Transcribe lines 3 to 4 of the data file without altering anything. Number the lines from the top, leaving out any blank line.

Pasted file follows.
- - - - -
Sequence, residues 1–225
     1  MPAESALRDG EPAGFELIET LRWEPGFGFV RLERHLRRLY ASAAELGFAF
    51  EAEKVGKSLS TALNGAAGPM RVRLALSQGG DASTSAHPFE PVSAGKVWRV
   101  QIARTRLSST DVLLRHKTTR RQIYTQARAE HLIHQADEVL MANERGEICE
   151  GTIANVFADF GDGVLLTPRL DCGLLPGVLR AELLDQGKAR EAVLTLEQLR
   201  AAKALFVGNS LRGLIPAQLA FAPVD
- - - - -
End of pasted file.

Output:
    51  EAEKVGKSLS TALNGAAGPM RVRLALSQGG DASTSAHPFE PVSAGKVWRV
   101  QIARTRLSST DVLLRHKTTR RQIYTQARAE HLIHQADEVL MANERGEICE